Changing the Script
I have started this post three times now because each thing I wrote strayed from “the script” as Nathan Bransford would say. It strayed from my personal script, which is guided by internal discomfort when I think about how my words might offend another person. (Especially when my need to say those words is less than the weight of the words.) It strayed from the more general, societal script of “everything is a-okay.”
Everything is a-okay.
See, I just stuck to the script.
Nathan’s post is about how we have loose scripts we use when speaking with one another. I say X and you say Y. I say that I’m tired, and you offer sympathy. You say that you’re going on vacation, and I express excitement as I ask you for details.
We expect to hear back certain words, especially if we say certain words. For instance, if I ask you how you are, even if you just had a loss, you’ll probably give me some version of fine.
But if I ask you, “How are you doing with everything today since I know that answer probably changes from day-to-day?”, it opens up the script to go in a different direction. I’m not asking out of politeness. I’m asking because I want a real answer, and changing the script does that. It signals a different response should occur.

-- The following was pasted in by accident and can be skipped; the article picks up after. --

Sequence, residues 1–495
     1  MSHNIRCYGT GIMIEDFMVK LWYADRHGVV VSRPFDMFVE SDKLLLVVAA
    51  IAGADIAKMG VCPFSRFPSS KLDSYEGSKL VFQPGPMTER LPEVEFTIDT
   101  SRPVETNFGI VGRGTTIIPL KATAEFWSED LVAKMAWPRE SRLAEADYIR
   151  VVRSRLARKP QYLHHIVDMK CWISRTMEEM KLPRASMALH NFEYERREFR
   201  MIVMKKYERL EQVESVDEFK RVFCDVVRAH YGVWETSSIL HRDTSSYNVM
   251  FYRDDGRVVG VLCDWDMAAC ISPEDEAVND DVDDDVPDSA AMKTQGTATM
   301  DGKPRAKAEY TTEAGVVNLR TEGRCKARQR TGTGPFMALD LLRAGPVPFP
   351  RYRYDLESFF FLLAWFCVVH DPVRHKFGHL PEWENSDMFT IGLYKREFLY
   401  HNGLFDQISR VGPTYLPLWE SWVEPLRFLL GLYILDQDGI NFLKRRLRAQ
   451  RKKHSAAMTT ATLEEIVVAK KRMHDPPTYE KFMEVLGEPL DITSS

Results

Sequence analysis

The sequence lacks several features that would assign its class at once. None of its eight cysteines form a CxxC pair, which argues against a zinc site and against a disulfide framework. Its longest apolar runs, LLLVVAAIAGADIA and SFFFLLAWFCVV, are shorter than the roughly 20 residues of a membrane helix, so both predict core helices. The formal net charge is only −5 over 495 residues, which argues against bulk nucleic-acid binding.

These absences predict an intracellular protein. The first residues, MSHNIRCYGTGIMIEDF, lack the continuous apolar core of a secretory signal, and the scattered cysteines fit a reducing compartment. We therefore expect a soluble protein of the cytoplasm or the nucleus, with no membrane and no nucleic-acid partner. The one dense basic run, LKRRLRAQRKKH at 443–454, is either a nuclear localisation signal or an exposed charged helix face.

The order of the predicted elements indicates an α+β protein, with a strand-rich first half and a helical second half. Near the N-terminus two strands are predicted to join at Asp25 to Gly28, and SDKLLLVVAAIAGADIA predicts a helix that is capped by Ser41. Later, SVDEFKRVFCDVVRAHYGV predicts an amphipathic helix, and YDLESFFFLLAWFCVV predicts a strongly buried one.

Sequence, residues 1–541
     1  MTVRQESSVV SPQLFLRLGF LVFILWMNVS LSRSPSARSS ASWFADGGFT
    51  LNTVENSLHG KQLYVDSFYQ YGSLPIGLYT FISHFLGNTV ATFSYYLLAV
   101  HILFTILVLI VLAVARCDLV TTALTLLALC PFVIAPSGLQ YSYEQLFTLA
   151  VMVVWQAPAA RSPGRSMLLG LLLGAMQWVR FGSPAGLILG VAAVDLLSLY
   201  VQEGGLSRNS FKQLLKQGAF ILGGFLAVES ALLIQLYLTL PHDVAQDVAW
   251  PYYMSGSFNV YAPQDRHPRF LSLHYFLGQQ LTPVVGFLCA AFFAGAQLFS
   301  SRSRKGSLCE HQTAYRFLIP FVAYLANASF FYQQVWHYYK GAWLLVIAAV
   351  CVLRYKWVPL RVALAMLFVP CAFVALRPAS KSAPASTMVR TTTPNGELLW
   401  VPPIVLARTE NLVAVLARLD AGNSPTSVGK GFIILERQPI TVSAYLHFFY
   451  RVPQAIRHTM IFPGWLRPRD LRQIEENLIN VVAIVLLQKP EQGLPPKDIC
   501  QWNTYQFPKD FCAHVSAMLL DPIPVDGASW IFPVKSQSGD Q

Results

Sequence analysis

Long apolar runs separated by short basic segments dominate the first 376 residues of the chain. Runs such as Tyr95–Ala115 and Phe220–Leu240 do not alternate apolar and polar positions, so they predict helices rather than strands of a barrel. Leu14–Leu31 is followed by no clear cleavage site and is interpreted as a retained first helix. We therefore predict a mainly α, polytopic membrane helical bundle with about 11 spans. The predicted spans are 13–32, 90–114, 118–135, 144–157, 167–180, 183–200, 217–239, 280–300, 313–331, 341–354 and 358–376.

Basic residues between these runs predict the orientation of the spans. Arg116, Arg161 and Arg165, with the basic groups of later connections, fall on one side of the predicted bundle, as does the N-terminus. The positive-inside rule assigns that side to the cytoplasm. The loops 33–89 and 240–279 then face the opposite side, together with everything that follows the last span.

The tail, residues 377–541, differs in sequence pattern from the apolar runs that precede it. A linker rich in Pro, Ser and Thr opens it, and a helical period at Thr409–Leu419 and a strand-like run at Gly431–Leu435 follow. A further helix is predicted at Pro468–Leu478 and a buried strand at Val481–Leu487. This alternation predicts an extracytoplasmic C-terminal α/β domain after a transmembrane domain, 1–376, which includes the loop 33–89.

Of course, that’s still a script. But it’s not the script.
I loved his post because he points out how people fight back when you don’t say what they want you to say. When you don’t express happiness when they think you should be expressing happiness. Or when you’re not feeling sad despite the fact that they think you should be home, in mourning.
Seek out these good people who will let you complain when you’re “supposed” to be happy and let you be happy when you’re “supposed” to be sad.
But most importantly, ignore the rigid people out there who try to make you feel badly because you’re flipping their script. They’re not seeing you as a human being, they’re seeing you as a faulty computer program.
It’s a good reminder that we all need to change the script — in our writing and in our everyday life. Whatever your characters say first, erase it and have them say something better. Whatever you think to say first, pause for a moment and ask yourself, “how can I change a few words and change the whole script?”
His post is about publishing, but it’s applicable to every facet of life. It gave me a new aim: To stop trying to come up with the perfect words and instead just come up with different words; anything that strays from the script and takes the well-worn conversations in an entirely new direction.